Because the Marshall Islands has an elevation that averages only 7 feet, high tides can cause significant. This post will review tides and go into King Tides and their importance on flooding.
We will start with some back ground on tides. Tides are the movement of water across the Earth that is primarily influenced by the gravitational force of the Moon. The suns weaker gravitational force also influences tides. In the lunar month, the highest tides occur roughly every 14 days at the new and full moons when the gravitational pull of the Moon and the Sun are in alignment. These high tides are called spring tides. Spring tide is not named after the season, but, like that word, derives from the meaning “jump, burst forth, rise”, as in a natural spring.
The typical tidal range in the open ocean is about 2 feet. However, land formations can have a large influence on tides and tides can be as great as 53 feet as seen at the Bay of Fundy in Canada. In Majuro, the tidal range is modest and is from 2 to 6 feet. Other factors that influence tides are wind, low barometric pressure (higher tides) or high barometric pressure (lower tides).
A King Tide is a popular, non-scientific term, people often use to describe exceptionally high tides. The term was first used in Australia, New Zealand and other Pacific countries. The Moon and the Earth do not have circular orbits. Instead they are elliptical. The moon is 31,000 miles closer to the Earth during Perigee and thus the Moon’s gravitational force is at its greatest. When the moon is the closest and this coincides with spring tides, higher tides are increased by a couple inches. This is called a proxigean spring tide (also known as a perigean spring tide) and occurs 3-4 times a year. In addition, the Earth is 3 million miles closer to the Sun during perihelion and this occurs around January 2nd of each year. King tides occur when the Earth, Moon and Sun are aligned at perigee and Perihelion, resulting in the largest tidal range seen over the course of a year. So, tides are enhanced when the Earth is closest to the Sun around January 2 of each year. They are reduced when it is furthest from the Sun, around July 2.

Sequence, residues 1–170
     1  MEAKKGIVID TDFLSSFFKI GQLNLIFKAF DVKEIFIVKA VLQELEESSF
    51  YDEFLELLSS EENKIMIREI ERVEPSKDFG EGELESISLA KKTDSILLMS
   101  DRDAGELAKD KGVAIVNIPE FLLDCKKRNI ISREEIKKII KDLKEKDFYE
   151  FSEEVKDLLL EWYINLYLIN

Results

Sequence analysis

In 2014 Majuro experienced a King Tide that was made worse by high winds and high tide was near 10 feet. As much of Majuro is < 1 foot in elevation, widespread flooding was experienced and over 1,000 Marshallese were evacuated. The Marshallese Government declared a State of Emergency.
King Tides are a natural part of tidal cycles and not linked to climate change, but they do give an idea of what higher sea levels could look like. King Tides will become more destructive if climate change continues and ocean levels rise.